CHARLESTON, W.Va. — A federal agency has given final environmental approval — although not yet final approval overall — for the $3.5 billion Mountain Valley Pipeline project.

The pipeline would go through Wetzel, Harrison, Doddridge, Lewis, Braxton, Webster, Nicholas, Greenbrier, Fayette, Summers, and Monroe counties to transport West Virginia natural gas to out-of-state markets.

“We determined that construction and operation of the projects would result in limited adverse environmental impacts, with the exception of impacts on forest,” concluded the Federal Energy Regulatory Commission, which oversees interstate natural gas pipelines.

“We conclude that approval of the projects would result in some adverse environmental impacts, but the majority of these impacts would be reduced to less-than-significant levels.”

The pipeline developers have been seeking approval since 2014. The developers include EQT Midstream Partners; NextEra; Con Edison Transmission; WGL Midstream; and RGC Midstream

The Mountain Valley Pipeline would extend new 42-inch natural gas pipeline over 303.5 miles. The project also involves three new compressor stations.

The Federal Energy Regulatory Commission is tasked with assessing the affects of the pipeline project. The environmental assessment is a major step but the commission still must determine whether to issue a final certificate.

Right now FERC has only two commissioners and lacks a quorum to issue such a certificate. President Donald Trump has nominated two additional commissioners who are pending before the Senate.

The full environmental approval report is 930 pages, although there are also thousands of pages of supporting materials.

The federal agency examined how the pipeline project might affect a variety of factors, including forests, wildlife habitats, scenic views, air quality and safety.

MORE: The Mountain Valley Pipeline economic impact report

Regulators concluded that the developers were taking appropriate precautions to control erosion and sediment. Additional plans would help mitigate the effects of the project on sensitive terrain, including karst topography characterized by sinkholes and caves, FERC concluded.

Citizen and environmental groups were quick to offer reaction today, saying the precautions offered by Mountain Valley would not be sufficient for such a large project.

A coalition of groups opposed to the pipeline, including Chesapeake Climate Action Network and Protect Our Water, Heritage, Rights, issued a statement opposing FERC’s position.

“FERC ignores the most harmful impacts this 300-mile-long pipeline for fracked gas would have on lives, communities, drinking water supplies, private property, local economies, and publicly owned natural resources,” the groups stated.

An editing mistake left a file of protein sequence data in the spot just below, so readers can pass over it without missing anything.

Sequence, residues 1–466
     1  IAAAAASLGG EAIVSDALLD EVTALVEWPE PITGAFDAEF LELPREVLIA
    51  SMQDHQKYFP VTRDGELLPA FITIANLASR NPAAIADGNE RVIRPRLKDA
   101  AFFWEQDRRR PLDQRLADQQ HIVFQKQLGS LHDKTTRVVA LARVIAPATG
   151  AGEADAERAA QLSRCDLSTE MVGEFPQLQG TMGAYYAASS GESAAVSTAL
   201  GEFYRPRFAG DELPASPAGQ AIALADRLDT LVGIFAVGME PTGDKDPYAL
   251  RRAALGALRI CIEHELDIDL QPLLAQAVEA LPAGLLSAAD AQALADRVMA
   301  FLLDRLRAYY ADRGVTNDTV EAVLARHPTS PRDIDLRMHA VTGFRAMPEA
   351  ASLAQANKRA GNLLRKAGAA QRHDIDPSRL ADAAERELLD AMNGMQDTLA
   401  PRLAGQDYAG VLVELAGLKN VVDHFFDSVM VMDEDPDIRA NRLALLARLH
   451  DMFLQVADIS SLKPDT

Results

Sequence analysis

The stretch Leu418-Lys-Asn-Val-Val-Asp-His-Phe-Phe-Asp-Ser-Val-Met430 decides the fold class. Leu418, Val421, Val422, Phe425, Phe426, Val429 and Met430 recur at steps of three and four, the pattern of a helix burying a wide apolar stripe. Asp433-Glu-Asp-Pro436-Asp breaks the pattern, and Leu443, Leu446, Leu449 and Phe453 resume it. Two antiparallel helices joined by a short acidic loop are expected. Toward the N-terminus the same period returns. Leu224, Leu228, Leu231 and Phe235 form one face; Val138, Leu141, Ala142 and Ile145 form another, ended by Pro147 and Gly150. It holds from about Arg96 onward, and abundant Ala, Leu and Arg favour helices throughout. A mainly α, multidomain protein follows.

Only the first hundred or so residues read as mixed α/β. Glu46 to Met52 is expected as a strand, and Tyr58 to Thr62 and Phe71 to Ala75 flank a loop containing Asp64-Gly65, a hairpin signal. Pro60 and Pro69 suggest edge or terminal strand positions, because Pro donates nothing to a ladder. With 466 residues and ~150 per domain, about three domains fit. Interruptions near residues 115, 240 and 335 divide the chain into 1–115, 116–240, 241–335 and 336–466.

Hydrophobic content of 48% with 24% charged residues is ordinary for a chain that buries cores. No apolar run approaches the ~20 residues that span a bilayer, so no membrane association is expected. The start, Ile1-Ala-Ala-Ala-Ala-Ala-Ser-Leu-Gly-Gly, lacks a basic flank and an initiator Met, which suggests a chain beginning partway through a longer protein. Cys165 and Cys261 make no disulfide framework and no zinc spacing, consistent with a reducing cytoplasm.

“The groups called these risks unacceptable, especially for a pipeline that is not even needed. The coalition also calls the pipeline an assault on the climate and the future of children in West Virginia and Virginia, and notes that the pipeline can still be blocked on multiple federal, state, and legal levels.”

Ben Luckett, a senior attorney with Appalachian Mountain Advocates, told the Roanoke Times that the mitigation strategies in the environmental report won’t be sufficient for the project’s scope and challenging terrain.

“Our experience with much smaller pipelines that have been constructed through the steep, difficult terrain of the region shows that the industry-standard practices proposed by MVP will not be sufficient to prevent catastrophic erosion and soil loss,” Luckett told the newspaper.

“A pipeline of this size has never been constructed through this type of terrain. By granting a certificate, FERC would basically be authorizing a massive experiment, with the land and people of West Virginia and southwest Virginia acting as the lab rats. This is unacceptable.”

Natalie Cox, a spokeswoman for Mountain Valley Pipeline, responded to those criticisms via email to the Roanoke Times.

“It is unfortunate, although not surprising, that steadfast opponents of the MVP project would reflexively dismiss findings that do not align with their view,” Cox said.

“For almost three years, we have worked with residents and landowners in our Virginia and West Virginia communities to make sure the Mountain Valley Pipeline is being designed, and will be constructed, safely and responsibly, and that we are doing so in a way that has minimal impacts on their land and their daily lives.”

Mountain Valley Pipeline is one of several pending projects, including the Atlantic Coast Pipeline, that could transport West Virginia natural gas to new markets.

 

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